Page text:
If you have found yourself reading this, I’d like to imagine that you already have a good enough understanding of what philanthropy is. So, I’ll delve into a brief explanation about the ‘horizontal’ part of it all- but of course, not without a little background.Philanthropy was not a new concept to me when I started doing some work at SIVIO Institute for their ‘Phil Lab‘ (Philanthropy Lab) mid-2019. My view on philanthropy was centred around the rich giving to the poor or underdeveloped communities waiting to receive grants from your Bill and Melinda Gates Foundations and then, using them to address the social injustice or developmental question of the day. What I have just described is what is known as vertical philanthropy– a top-down system of giving. ‘Giving’ italicized because that’s what philanthropy is.Before this point, it had never occurred to me that philanthropy could be multidirectional. It sounds silly saying it now but honestly, the reality that you didn’t have to be rich to be a philanthropist had never properly occurred to me! neither had it occurred to me that poor people could really help each other and themselves in both moments of dire need (disaster/crisis relief) and in generally improving the quality of their lives (development). – by this I mean that I hadn’t really accepted 2 important characteristics of horizontal philanthropy –
- That community members can meaningfully contribute to the development of their own communities and so improve the quality of their own lives, and
- That these community members did not have to be rich in order to do so- the resources they have no matter how limited they think they are would be useful
So, in a nutshell horizontal philanthropy is people of the same income level practising giving amongst themselves. We already have some long-standing examples of this basic notion of pooling of resources in Zimbabwe; – co-operatives, “maRound”, burial societies etc.
Why I’m drawn to the idea of horizontal philanthropy in particular is because it breathes life into the idea of human agency.
The victim narrative perpetuated by vertical philanthropy is in my view rather grim and a little deterministic. The idea that the poor are completely helpless and, no matter how much they will it, cannot change their own fates doesn’t give us much credit as Africans or as human beings, nor does it speak to the resourceful and entrepreneurial nature of the Zimbabwean people that I have seen over years and that I continue to witness every day.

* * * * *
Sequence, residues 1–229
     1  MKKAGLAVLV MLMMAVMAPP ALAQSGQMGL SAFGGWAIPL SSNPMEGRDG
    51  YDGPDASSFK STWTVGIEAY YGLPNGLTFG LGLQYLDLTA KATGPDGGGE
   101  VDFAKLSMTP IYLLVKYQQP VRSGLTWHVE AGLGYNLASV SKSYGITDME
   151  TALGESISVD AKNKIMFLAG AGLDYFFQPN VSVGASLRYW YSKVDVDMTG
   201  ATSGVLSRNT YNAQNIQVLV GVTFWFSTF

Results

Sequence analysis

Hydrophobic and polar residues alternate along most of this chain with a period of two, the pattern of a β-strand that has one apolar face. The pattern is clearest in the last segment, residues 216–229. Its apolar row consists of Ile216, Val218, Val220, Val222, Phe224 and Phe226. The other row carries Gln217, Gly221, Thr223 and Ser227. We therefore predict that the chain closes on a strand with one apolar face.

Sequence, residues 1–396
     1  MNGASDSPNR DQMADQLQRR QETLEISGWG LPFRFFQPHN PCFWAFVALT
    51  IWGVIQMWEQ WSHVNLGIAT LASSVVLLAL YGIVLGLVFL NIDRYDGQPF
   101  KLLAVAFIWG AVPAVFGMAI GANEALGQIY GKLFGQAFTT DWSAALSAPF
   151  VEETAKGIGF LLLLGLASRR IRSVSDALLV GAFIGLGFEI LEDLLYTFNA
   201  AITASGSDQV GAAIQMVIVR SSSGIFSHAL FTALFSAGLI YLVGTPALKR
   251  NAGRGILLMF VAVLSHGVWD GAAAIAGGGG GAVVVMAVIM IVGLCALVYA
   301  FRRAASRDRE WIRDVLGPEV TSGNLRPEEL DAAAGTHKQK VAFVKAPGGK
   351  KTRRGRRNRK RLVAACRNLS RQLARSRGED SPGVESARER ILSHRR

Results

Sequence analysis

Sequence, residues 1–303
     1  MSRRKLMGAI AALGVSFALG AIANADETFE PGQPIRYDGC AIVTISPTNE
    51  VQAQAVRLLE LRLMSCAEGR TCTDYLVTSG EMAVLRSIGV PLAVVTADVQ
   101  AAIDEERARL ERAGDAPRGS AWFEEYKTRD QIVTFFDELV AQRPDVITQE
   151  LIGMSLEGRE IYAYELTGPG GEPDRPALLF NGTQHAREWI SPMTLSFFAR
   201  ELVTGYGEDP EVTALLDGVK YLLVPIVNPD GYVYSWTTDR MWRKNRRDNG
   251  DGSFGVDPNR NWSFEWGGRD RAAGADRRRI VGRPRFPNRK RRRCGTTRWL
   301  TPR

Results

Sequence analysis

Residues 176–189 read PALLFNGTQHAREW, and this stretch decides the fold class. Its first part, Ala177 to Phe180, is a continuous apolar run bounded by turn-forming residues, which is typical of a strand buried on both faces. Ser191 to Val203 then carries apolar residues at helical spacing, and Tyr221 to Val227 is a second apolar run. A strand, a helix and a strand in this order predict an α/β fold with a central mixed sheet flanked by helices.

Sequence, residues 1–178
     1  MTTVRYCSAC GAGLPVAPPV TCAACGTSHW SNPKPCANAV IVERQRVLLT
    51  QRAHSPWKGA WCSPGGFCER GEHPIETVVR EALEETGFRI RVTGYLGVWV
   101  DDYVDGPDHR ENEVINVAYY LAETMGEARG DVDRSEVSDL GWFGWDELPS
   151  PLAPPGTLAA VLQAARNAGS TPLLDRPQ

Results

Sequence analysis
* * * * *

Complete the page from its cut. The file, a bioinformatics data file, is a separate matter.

Let’s bring it back home, apart from various evidence that points to the fact that philanthropy has not only, always existed in African cultures but is actually a part of our identity and societal fabric – it’s important that we make a deliberate mental shift from the idea that we must look up to other people for help and that they must look down to give it but rather to start fostering a culture of looking next to us – and us in turn being looked to.
I am going to avoid getting into an academic discussion about vertical philanthropy vis-à-vis horizontal philanthropy but what I do want to do is to press on how in hard times (which is really all time for the past few years in Zimbabwe – COVID-19 or not) we can only really rely on our communities and also that we are better off doing so.
Let us take the current global climate right now, there is a global pandemic whose full effects are yet to be experienced, together with Zimbabwe’s enduring poor economic state, we might not know what comes next but common sense dictates that whatever we were getting in the way of aid, there will be less of it.
- The limited, limited resources – whatever little money there was to go around there is even less now. Aid resources have been redirected towards fighting COVID-19 but other health, food and crisis related problems still exist. Simply put, there wasn’t much to go around to begin with and there is even less now.
- The number of aid beneficiaries just went up – with a global crisis, countries that had a stable economy and a relatively stable health care system (China, the United States of America, Italy, Spain) are struggling to cope and those that were already unstable – take Iraq, Iran, Syria and the Niger for example are a lot worse off.
- It works! Pooling of resources has been seen to work both in general development and in crisis relief as well as promise a more “sustainable” development as it promotes a feeling of ownership and overall unity in the community which, we could really use in Zimbabwe right now !
So How do we save ourselves? Here are a few ideas that you may already be familiar with, but check out SIVIO Institutes Phil Lab for more about all this!
- “MaRound”/ giving circles – encourage them, recognise them modify them to suit your community’s needs.
- Community Foundations by residents, by people related to residents, by people in the diaspora
So, we are done , I hope reading this has; taught you a little bit about philanthropy, encouraged you to share the article or the ideas herein with your friends and relatives and maybe even inspired you to give – whatever you can or are willing to, whenever you can.